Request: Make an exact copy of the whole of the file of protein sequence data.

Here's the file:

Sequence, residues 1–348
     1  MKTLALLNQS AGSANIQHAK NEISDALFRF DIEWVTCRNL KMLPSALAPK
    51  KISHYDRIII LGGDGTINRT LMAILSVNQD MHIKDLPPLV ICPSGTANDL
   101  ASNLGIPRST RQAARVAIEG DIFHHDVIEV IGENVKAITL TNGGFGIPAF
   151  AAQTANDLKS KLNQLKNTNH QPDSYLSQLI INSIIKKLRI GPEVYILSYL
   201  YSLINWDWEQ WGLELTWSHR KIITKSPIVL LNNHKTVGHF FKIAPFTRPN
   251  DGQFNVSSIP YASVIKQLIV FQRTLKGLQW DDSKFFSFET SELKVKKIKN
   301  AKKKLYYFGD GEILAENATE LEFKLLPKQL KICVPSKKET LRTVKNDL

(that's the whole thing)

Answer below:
Sequence, residues 1–348
     1  MKTLALLNQS AGSANIQHAK NEISDALFRF DIEWVTCRNL KMLPSALAPK
    51  KISHYDRIII LGGDGTINRT LMAILSVNQD MHIKDLPPLV ICPSGTANDL
   101  ASNLGIPRST RQAARVAIEG DIFHHDVIEV IGENVKAITL TNGGFGIPAF
   151  AAQTANDLKS KLNQLKNTNH QPDSYLSQLI INSIIKKLRI GPEVYILSYL
   201  YSLINWDWEQ WGLELTWSHR KIITKSPIVL LNNHKTVGHF FKIAPFTRPN
   251  DGQFNVSSIP YASVIKQLIV FQRTLKGLQW DDSKFFSFET SELKVKKIKN
   301  AKKKLYYFGD GEILAENATE LEFKLLPKQL KICVPSKKET LRTVKNDL